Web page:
Yesterday oil futures closed negative for the first time in history. You probably are still trying to wrap your head around what this means. So I thought I would help you.
Here is a thought experiment.
Suppose you have an economy that is divided this way:
- One of every 200 people is sufficient to feed the entire country.
- Four of every one hundred people is sufficient to produce everything else needed by the country.
- Together, about four point five (4.5) people out of one hundred are needed to produce everything needed by the country to live on.
- The other 95.5 people are essentially superfluous to necessary labor.
Over time this 95.5 out of 100 people come to be engaged in all manner of pursuits that are economically superfluous, but absorb the output of the 4.5 of productively employed persons.
In other words, they create demand for the output of the productively employed persons.
This works fine, mostly. Growth is tepid, because real growth is only occurring in the sector of the economy that is productively employed. Growth occurs among the 4.5%. But it is measured in terms of the 100%. Say growth in the 4.5% is 40% — roughly an increase from 4.5 out of 100 people to 6.5 out of 100.
But no new investment is possible here in the productive sector owing to absolute over-accumulation of productive capital. So, there must be an increase in the superfluous sector. It must increase from roughly 95.5 out of 100 people to roughly 97.5 out of 100 people.
Although there has been a huge increase in the productive sector, this is expressed as a very small increase in the overall economy — secular stagnation.
You get the idea: additional investment in the productive sector is not possible, so there must be an increase in superfluous labor time. If there is no increase, there will be a crisis. New demand for this increased output must come into being. That is the state’s role — to foster new demand.
So, now we see how this works and how the two sectors relate to one another.
(Pardon me if this is a bit unclear. I’m working this out as I go along.)
Enter this virus; it emerges and sweeps the world market. The state shuts down “non-essential” businesses, which just happen to mostly reside in the superfluous labor sector. They reside, in other words, in the 95.5% of the economy that mostly create demand for the output of the 4.5% of productively employed capital. Let’s say the hit on the superfluous sector amounts to 20 people. So now, instead of being 95.5 units of demand, the superfluous sector has suddenly shrunk to 75.5 units of demand.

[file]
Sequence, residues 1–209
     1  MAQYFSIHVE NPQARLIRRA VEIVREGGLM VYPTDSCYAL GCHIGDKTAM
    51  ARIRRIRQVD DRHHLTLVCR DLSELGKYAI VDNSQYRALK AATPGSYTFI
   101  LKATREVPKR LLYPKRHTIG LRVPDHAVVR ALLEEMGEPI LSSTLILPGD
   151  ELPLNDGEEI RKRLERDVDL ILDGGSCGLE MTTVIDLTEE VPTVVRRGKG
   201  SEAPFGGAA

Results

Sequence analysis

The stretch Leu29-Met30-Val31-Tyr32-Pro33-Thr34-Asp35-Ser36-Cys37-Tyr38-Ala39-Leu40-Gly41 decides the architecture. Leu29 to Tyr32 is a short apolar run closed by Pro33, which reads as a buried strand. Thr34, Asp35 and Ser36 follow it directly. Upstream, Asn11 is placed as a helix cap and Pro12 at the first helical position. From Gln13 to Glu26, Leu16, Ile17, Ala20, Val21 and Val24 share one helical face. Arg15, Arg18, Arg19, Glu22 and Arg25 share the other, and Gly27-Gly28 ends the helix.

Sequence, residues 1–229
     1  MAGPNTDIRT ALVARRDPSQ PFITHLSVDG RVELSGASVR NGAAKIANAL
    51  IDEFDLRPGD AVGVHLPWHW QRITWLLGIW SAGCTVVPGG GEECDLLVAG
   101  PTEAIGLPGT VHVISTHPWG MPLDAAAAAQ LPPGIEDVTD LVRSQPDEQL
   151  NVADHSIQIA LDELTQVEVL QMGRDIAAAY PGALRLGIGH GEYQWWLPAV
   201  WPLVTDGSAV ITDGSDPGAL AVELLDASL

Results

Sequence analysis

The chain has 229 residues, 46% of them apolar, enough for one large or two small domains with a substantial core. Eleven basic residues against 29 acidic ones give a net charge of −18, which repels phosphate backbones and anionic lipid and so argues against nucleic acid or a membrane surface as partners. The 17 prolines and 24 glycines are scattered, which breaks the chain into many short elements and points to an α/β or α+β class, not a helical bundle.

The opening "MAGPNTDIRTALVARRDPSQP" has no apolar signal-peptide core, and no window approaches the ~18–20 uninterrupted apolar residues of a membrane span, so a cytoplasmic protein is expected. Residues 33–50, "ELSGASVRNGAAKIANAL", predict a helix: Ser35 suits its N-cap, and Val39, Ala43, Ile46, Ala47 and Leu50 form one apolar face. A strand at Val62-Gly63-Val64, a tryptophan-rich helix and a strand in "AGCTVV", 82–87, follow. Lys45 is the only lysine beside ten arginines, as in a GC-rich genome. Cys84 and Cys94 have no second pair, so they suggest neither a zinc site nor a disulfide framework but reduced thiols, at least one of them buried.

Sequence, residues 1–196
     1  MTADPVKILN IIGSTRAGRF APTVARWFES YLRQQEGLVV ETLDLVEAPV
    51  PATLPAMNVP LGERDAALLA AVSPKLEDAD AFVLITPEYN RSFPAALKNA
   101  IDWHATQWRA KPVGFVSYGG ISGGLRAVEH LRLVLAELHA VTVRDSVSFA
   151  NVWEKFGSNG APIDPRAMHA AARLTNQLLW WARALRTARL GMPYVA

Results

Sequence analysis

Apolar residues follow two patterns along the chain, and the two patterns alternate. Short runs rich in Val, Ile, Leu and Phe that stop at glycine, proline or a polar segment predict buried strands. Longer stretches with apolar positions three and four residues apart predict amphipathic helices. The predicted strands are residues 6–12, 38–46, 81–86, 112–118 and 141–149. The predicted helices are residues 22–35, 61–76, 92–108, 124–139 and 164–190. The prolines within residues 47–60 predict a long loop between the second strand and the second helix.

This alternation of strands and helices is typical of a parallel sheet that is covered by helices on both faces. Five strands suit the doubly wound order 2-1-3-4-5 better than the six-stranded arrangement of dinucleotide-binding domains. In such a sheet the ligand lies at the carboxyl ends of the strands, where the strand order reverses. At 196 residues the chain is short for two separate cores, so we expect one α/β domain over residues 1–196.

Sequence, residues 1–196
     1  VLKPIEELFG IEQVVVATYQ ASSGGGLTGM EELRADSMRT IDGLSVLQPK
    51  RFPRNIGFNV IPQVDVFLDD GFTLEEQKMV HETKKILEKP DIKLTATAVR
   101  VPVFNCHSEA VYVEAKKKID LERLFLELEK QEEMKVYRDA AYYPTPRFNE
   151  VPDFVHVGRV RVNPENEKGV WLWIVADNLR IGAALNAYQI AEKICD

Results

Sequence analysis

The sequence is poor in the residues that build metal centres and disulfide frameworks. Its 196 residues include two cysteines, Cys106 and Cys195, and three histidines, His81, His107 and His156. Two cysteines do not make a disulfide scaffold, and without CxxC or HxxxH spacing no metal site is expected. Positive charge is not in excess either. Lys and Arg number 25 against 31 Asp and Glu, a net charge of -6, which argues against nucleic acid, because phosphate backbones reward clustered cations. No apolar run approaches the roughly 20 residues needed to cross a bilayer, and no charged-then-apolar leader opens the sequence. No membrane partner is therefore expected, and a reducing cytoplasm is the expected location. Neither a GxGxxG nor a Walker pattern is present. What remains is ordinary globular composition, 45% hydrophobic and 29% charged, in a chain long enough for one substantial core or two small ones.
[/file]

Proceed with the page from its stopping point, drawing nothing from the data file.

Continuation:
This is what the economists see.
But labor theory see something more.
Now 20 units of the sector that once were realized of the surplus value produced by productively employed capitals suddenly has gone away. A massive devaluation has taken place almost instantaneously. This is expressed in a mass of idle capital and an equally large population of excess workers. And it takes the form of both currencies and commodities as well.
Currencies have no value and when they fall out of circulation, they simply become worthless scrip. Commodities, when they fall out of circulation, have no prices and, we must assume, no values as well. They are not even social use values, i.e., use values for someone other than their producers. (But this term may be nuanced: what do I mean by the term, “their producers”?)
The damage to the forces of production does not end here.
The productively employed capital is not shut down; it continues to function as capital, to self-expand and to produce surplus value. The state, which does not hesitate to shut down restaurants, never steps in to shut down oil drills, farms and meat processing plants. These operations are self-evidently “essential” to any modern society, right?
Who in their right mind would tell an oil refinery to stop refining oil into gasoline, since commuters need the gasoline to get to work? Only, the roads are empty now. There are no commuters. And with the empty roads the air is clearing as pollution settles. Less gasoline is used to get superfluous workers to their superfluous jobs that no longer exist.
Soon, the pumps are silent. The gasoline trucks move less often. The refineries begins to shut down. The storage facilities begin the fill up. And still oil is being pumped. Because pumping oil is the production of surplus value and entire nations are dependent on the production of surplus value.
Finally, when oil futures go negative, speculators get the memo:
Capitalism is dead.